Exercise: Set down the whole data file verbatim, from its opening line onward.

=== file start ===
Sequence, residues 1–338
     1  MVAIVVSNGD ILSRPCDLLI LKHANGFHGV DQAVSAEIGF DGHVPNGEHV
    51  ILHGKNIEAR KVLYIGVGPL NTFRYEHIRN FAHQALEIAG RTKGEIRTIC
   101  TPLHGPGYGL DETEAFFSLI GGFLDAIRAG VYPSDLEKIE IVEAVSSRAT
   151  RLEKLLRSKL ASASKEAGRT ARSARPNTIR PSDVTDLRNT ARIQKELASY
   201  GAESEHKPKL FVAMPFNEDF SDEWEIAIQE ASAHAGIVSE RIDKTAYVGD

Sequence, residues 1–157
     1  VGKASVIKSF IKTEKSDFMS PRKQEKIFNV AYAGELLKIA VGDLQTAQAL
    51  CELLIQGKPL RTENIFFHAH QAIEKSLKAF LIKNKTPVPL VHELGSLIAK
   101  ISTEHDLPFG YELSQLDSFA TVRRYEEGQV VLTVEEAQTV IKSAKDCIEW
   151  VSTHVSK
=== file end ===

Sequence, residues 1–338
     1  MVAIVVSNGD ILSRPCDLLI LKHANGFHGV DQAVSAEIGF DGHVPNGEHV
    51  ILHGKNIEAR KVLYIGVGPL NTFRYEHIRN FAHQALEIAG RTKGEIRTIC
   101  TPLHGPGYGL DETEAFFSLI GGFLDAIRAG VYPSDLEKIE IVEAVSSRAT
   151  RLEKLLRSKL ASASKEAGRT ARSARPNTIR PSDVTDLRNT ARIQKELASY
   201  GAESEHKPKL FVAMPFNEDF SDEWEIAIQE ASAHAGIVSE RIDKTAYVGD

Sequence, residues 1–157
     1  VGKASVIKSF IKTEKSDFMS PRKQEKIFNV AYAGELLKIA VGDLQTAQAL
    51  CELLIQGKPL RTENIFFHAH QAIEKSLKAF LIKNKTPVPL VHELGSLIAK
   101  ISTEHDLPFG YELSQLDSFA TVRRYEEGQV VLTVEEAQTV IKSAKDCIEW
   151  VSTHVSK